Fathers Day. Yes, I know it was on the 15th. Although it was a big surprise when it was announced in the radio that morning. Our kitchen calendar states very clearly that Father's Day [UK] is on the 22nd......
So this week got a very confused start. Mind you, every day has been an improvement since. Yesterday's visit to the Highland Show was nothing short of brilliant. To me the Highland was the first impression of Scotland all those years ago. Nowadays I spend a lot less time drooling over Hisself than I did then, but that has not reduced the attraction of the day out at all.
Could I add that he looked gorgeous on the day and I nearly felt the need to fend the competition off with my handbag. On second thoughts it is a brand new bag and letting the next generation loose around dad works much faster. Maybe I should have dressed with more care too.....But when weather forecast is blustery wind and heavy showers it really does not matter what I have under my full length rainproof jacket, all one can see are my trusty "show boots".
This year's show was all about making it fun for No5. Seeing things that she would find interesting and pointing them all out. Making her feel successful and part of the community. I love being among farmers and I want her to love going out among cattle, machinery and other country pursuits. She was chuffed to bits with herself, behaved beautifully and generally enjoyed her day out. Her default position is anti crowds but obviously she spotted the difference - country folk were less "at her face" and she did appreciate the courtesy.
It is my annual window to the wider world in more ways than one. I spend the day looking, gathering ideas, collecting web addresses and generally investigating what goods and services small independent companies offer at this point in time and at what cost. This year I figured out that the difference between bargain box fleece jumper for No5 at the bottom of the hill compared to the one on top of the hill is about £40 and the label.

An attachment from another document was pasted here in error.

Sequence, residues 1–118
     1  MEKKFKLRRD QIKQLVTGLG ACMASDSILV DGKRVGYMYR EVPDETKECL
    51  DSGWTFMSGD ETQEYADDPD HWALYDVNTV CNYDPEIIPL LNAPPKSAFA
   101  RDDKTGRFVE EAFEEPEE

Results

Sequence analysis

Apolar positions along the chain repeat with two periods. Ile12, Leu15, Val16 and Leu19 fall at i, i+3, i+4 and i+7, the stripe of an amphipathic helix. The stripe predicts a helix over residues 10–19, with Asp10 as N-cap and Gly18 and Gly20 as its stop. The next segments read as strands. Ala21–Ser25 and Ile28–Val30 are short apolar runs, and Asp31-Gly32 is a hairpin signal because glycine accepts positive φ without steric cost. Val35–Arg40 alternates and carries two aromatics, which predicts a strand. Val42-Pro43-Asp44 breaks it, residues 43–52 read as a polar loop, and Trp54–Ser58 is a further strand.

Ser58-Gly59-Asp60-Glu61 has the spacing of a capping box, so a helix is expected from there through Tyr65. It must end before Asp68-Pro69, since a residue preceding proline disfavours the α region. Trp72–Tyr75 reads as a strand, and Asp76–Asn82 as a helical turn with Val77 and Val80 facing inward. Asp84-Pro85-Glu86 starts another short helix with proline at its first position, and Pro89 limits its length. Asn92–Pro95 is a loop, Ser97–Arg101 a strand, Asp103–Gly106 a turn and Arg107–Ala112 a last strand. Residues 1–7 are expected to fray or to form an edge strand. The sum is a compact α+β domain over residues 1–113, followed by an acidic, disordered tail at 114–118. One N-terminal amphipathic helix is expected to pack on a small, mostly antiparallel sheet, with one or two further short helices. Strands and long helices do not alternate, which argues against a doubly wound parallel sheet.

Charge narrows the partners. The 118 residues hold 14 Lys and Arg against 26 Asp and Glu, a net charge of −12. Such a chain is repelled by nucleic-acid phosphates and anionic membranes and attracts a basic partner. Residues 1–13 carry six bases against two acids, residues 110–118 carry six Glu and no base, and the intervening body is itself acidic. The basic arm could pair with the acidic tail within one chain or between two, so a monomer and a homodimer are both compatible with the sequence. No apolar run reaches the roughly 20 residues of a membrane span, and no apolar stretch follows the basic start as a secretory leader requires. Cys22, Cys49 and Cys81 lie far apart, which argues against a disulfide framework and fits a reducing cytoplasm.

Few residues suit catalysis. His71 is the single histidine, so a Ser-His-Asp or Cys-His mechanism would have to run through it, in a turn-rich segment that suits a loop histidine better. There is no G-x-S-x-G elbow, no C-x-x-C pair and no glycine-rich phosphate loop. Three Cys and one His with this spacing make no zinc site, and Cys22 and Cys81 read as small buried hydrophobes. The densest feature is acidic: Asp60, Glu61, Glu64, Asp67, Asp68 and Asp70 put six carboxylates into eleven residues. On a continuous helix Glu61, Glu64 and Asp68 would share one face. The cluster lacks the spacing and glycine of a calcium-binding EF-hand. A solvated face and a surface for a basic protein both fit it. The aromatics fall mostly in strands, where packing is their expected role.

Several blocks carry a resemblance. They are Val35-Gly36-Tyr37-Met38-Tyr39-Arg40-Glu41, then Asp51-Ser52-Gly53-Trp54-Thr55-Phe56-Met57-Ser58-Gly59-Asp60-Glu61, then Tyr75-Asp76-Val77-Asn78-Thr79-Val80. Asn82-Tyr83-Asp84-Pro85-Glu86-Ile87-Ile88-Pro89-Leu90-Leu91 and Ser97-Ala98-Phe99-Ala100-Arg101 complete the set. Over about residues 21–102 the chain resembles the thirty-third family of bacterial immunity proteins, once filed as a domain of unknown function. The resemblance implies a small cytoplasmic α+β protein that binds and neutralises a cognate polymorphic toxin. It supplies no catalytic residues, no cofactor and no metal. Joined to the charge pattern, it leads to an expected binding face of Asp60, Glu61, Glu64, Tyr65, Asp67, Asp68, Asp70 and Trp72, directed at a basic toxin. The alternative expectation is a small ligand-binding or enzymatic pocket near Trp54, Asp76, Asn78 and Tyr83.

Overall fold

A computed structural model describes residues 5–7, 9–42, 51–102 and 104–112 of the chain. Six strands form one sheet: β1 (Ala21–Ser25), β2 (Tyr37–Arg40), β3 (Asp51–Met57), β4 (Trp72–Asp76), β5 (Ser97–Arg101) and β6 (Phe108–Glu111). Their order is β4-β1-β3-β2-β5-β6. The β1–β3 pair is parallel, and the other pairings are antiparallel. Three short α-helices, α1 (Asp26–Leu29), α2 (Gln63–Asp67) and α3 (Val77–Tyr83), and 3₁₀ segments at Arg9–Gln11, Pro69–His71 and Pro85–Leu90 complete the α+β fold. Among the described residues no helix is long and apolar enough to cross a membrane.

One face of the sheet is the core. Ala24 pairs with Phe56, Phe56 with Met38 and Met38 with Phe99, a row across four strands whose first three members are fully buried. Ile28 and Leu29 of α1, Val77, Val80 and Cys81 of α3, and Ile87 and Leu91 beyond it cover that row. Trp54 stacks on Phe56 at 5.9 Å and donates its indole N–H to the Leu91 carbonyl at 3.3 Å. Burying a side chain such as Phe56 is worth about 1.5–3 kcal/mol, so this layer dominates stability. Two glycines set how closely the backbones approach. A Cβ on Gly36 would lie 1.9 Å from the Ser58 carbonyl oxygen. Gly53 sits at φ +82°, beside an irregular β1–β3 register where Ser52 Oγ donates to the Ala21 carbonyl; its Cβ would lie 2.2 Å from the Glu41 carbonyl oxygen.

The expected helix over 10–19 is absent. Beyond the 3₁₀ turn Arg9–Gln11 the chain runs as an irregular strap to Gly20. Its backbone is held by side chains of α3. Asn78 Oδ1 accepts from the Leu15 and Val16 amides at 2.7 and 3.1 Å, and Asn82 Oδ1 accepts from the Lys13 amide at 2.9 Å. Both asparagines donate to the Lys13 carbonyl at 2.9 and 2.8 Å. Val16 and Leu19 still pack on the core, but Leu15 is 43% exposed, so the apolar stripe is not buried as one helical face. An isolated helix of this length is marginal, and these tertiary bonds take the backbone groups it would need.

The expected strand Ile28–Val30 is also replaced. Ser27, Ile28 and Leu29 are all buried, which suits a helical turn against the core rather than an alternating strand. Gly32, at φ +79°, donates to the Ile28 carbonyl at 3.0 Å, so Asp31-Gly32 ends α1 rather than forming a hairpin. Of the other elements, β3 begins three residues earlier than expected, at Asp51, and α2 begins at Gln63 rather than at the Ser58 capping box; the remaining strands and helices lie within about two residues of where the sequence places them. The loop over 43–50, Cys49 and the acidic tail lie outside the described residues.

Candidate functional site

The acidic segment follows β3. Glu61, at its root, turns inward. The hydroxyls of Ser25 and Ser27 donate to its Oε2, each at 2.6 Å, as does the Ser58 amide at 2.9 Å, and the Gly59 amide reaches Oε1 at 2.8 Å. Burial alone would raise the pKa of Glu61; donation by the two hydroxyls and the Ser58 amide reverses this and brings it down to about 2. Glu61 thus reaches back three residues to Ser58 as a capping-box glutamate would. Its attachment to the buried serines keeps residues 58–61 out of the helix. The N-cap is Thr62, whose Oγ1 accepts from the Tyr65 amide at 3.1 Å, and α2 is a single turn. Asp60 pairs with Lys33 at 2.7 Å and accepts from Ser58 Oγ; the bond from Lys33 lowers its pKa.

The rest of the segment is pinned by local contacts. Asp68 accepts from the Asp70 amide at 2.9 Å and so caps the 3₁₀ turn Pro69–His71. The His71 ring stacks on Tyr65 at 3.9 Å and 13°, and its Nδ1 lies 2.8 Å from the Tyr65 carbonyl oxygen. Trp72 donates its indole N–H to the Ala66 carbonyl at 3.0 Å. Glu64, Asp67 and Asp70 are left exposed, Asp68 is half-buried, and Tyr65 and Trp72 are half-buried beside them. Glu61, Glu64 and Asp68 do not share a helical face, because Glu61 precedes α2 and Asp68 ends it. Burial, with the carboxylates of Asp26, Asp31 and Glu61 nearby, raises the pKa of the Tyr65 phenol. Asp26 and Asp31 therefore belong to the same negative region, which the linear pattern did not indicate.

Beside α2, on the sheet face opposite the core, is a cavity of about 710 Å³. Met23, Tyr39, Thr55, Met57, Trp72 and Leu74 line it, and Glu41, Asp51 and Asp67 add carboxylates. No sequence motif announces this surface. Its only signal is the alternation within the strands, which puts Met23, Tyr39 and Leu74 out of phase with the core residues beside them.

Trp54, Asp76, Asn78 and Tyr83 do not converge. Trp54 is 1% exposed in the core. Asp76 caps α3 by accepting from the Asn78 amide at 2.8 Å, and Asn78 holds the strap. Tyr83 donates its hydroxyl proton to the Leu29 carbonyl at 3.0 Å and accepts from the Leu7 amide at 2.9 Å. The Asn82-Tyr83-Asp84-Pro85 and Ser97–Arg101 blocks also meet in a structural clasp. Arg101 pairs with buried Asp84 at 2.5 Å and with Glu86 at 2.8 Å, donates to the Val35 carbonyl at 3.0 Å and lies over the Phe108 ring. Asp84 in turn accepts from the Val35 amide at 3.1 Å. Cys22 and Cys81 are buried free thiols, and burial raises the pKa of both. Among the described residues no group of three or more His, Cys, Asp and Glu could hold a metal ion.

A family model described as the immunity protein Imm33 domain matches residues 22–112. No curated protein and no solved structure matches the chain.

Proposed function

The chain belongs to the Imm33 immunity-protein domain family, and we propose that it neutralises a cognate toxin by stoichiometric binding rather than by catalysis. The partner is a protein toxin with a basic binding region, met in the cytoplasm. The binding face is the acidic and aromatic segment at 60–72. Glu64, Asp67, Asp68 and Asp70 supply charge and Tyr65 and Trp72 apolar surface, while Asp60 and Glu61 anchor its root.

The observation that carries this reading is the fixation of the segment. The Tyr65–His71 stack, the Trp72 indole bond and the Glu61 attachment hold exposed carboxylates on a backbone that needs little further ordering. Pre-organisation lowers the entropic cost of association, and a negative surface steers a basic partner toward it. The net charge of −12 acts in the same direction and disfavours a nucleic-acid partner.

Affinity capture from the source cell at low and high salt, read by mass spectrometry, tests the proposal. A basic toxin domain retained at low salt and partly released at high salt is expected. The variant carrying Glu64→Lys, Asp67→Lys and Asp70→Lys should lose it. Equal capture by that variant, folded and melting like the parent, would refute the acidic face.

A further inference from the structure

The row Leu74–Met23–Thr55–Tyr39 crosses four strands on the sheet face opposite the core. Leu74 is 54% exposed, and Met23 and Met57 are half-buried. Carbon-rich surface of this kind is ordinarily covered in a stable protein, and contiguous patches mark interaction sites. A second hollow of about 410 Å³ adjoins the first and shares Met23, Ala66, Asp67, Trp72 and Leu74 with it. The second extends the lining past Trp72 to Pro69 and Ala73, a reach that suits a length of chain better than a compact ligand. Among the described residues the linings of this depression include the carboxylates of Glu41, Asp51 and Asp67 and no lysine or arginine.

Another big change is the return of the buggies. In the early 1990's the show was full of small children. However in the turn of the Millennium there were few enough to count them all. It seemed that the hard years made people postpone starting the family or simply not have the money for a day out. Now with the brighter future the number of next generation has gone up too. Markedly many of the parents are much older than they used to be. As ever, the fathers take charge of the little ones on their own too, and it warms my heart to see what able, caring and loving fathers farmers are.
Another change over the years has been the quality and quantity of free gifts that companies offer. The children used to gather a large plastic bag each - now one of them got a free pen. In the drinks front I can remember the time when wine flowed freely. It soon turned to cups of tea and coffee which latterly have been replaced with spring water.
I never budget for food or drinks on show days but I think it will soon be necessary. This year we received the usual number of invitations to lunches, launches and refreshments. Sadly I must say that last years platters of prime beef and whole roast pigs were replaced by thin slices of cheese, the basket of bread was now an oatcake and pyramids of biscuits had shrank to a single offering next to the tea cup. Most alarmingly the flowing tea and coffee has in many places been sadly replaced by a re-usable shopping bag with a few leaflets inside. Please!!! I have now gathered 23 thin cotton bags. Could it be possible to exchange some of them to cups of tea in the next show???